Jerome Powell, the chairman of the Federal Reserve, said Friday that the slow rollout of COVID-19 vaccines in countries outside the U.S. could hamper the prospects of a swift global recovery. 
The Wall Street Journal reported that despite the vaccination progress in the U.S., some emerging economies are having difficulty vaccinating their populations. UBS estimated that these countries may only vaccinate 28 percent of their populations by the end of the year. The report pointed out that the U.S. is on pace to vaccinate three-fourths of its population by June.
Powell said, “Viruses are no respecters of borders, and until the world really is vaccinated we’re all going to be at risk of new mutations. I would look at global vaccination as a risk really… to the progress we are making.”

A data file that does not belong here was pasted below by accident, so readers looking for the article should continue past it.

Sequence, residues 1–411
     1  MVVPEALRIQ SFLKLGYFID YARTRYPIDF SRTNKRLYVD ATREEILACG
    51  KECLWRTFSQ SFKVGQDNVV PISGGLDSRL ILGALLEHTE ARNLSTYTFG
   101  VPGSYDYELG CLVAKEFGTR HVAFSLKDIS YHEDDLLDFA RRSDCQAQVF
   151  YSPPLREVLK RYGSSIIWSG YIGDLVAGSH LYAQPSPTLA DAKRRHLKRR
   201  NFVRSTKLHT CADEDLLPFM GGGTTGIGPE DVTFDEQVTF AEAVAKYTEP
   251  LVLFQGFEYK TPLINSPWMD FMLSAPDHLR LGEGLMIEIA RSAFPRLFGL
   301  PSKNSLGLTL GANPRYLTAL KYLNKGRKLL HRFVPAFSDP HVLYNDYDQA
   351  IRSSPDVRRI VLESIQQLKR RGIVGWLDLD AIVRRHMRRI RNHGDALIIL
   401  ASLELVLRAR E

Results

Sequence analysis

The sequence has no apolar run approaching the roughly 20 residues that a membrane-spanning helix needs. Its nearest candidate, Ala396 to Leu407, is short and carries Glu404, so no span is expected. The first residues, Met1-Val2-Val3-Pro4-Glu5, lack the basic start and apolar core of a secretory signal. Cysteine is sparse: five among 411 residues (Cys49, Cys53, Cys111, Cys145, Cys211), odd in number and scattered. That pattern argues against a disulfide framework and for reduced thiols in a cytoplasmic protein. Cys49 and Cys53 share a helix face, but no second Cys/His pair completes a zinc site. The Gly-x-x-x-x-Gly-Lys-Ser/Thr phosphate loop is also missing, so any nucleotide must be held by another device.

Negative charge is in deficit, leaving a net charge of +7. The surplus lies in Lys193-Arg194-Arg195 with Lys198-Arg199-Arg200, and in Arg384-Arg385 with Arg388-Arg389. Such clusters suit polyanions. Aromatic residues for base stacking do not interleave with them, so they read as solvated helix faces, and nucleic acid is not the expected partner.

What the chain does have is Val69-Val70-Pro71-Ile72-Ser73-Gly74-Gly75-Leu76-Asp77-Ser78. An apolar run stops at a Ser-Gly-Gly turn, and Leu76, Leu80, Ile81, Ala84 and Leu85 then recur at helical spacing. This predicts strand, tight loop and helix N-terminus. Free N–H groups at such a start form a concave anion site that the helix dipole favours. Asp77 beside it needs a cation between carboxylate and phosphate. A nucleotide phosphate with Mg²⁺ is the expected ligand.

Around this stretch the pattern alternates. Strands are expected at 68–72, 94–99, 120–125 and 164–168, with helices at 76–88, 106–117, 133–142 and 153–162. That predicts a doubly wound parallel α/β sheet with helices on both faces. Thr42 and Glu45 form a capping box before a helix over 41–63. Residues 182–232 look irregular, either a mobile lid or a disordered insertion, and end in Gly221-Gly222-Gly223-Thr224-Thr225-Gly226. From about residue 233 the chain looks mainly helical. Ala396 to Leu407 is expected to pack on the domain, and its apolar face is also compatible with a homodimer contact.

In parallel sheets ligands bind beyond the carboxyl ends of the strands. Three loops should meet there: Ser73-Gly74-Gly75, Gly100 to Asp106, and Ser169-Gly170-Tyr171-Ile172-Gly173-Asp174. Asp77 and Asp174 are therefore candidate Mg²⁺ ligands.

Brazil is an example of an emerging economy that has been hit with another wave of infections. President Jair Bolsonaro has made it clear in recent weeks that vaccinations are his top priority in the country.
“The Country is in a nationwide hospital collapse right now—it’s the first time in history the public health system has collapsed. If we can acquire the vaccine in large quantities, we could at least mitigate the situation,” Dr. Miguel Nicolelis, a Brazilian professor of neuroscience at Duke, told the BBC.
The IMF’s managing director, Kristalina Georgieva, told Al Jazeera that the vaccine production helped save the global economy and there could have easily been “another Great Depression.”
She urged world powers like the U.S., India, and China to keep poorer countries in mind when it comes to access to vaccines. She said a quicker end to the public health crisis could tack on about $9 trillion to the global GDP by 2025.
“Vaccine policy is economic policy,” she said.

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